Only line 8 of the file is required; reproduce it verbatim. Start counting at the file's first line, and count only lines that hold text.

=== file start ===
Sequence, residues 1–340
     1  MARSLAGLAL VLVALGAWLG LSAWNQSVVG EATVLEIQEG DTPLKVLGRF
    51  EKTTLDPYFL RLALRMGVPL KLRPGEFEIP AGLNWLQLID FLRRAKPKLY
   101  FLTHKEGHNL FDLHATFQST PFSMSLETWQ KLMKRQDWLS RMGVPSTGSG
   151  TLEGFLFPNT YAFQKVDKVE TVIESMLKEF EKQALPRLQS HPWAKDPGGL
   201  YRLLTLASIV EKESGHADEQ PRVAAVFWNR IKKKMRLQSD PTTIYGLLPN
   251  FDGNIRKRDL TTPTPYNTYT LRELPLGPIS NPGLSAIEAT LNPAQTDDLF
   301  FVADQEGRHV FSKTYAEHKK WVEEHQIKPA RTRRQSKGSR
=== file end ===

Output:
   301  FVADQEGRHV FSKTYAEHKK WVEEHQIKPA RTRRQSKGSR